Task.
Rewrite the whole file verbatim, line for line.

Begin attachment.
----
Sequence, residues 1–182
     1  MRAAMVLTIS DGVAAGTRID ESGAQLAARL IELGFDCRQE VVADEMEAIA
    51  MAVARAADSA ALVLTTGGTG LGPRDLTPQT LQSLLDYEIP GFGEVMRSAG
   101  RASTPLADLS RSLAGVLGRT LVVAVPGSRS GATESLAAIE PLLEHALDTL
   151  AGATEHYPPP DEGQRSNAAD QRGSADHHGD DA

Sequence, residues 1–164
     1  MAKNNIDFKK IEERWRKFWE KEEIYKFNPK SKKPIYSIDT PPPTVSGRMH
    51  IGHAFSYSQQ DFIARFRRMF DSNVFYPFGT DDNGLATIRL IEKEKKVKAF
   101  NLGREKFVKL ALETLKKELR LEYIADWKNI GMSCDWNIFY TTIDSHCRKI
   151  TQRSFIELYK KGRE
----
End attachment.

Sequence, residues 1–182
     1  MRAAMVLTIS DGVAAGTRID ESGAQLAARL IELGFDCRQE VVADEMEAIA
    51  MAVARAADSA ALVLTTGGTG LGPRDLTPQT LQSLLDYEIP GFGEVMRSAG
   101  RASTPLADLS RSLAGVLGRT LVVAVPGSRS GATESLAAIE PLLEHALDTL
   151  AGATEHYPPP DEGQRSNAAD QRGSADHHGD DA

Sequence, residues 1–164
     1  MAKNNIDFKK IEERWRKFWE KEEIYKFNPK SKKPIYSIDT PPPTVSGRMH
    51  IGHAFSYSQQ DFIARFRRMF DSNVFYPFGT DDNGLATIRL IEKEKKVKAF
   101  NLGREKFVKL ALETLKKELR LEYIADWKNI GMSCDWNIFY TTIDSHCRKI
   151  TQRSFIELYK KGRE